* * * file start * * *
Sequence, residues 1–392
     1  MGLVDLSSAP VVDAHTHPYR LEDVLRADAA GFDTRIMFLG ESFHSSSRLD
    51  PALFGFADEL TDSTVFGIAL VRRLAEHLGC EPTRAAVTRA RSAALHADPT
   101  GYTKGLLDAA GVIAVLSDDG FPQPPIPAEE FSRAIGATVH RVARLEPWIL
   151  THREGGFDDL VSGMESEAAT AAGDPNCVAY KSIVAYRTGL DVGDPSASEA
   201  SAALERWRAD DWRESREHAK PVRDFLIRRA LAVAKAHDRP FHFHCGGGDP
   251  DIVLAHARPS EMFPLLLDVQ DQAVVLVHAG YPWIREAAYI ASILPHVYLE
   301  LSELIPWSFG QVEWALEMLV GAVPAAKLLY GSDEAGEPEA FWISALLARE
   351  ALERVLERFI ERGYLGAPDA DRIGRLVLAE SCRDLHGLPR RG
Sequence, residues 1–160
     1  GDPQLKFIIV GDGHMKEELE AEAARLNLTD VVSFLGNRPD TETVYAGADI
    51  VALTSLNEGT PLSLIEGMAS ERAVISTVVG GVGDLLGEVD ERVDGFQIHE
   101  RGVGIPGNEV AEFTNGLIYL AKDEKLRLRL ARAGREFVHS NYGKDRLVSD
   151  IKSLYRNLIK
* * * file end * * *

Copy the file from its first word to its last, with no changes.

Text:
Sequence, residues 1–392
     1  MGLVDLSSAP VVDAHTHPYR LEDVLRADAA GFDTRIMFLG ESFHSSSRLD
    51  PALFGFADEL TDSTVFGIAL VRRLAEHLGC EPTRAAVTRA RSAALHADPT
   101  GYTKGLLDAA GVIAVLSDDG FPQPPIPAEE FSRAIGATVH RVARLEPWIL
   151  THREGGFDDL VSGMESEAAT AAGDPNCVAY KSIVAYRTGL DVGDPSASEA
   201  SAALERWRAD DWRESREHAK PVRDFLIRRA LAVAKAHDRP FHFHCGGGDP
   251  DIVLAHARPS EMFPLLLDVQ DQAVVLVHAG YPWIREAAYI ASILPHVYLE
   301  LSELIPWSFG QVEWALEMLV GAVPAAKLLY GSDEAGEPEA FWISALLARE
   351  ALERVLERFI ERGYLGAPDA DRIGRLVLAE SCRDLHGLPR RG
Sequence, residues 1–160
     1  GDPQLKFIIV GDGHMKEELE AEAARLNLTD VVSFLGNRPD TETVYAGADI
    51  VALTSLNEGT PLSLIEGMAS ERAVISTVVG GVGDLLGEVD ERVDGFQIHE
   101  RGVGIPGNEV AEFTNGLIYL AKDEKLRLRL ARAGREFVHS NYGKDRLVSD
   151  IKSLYRNLIK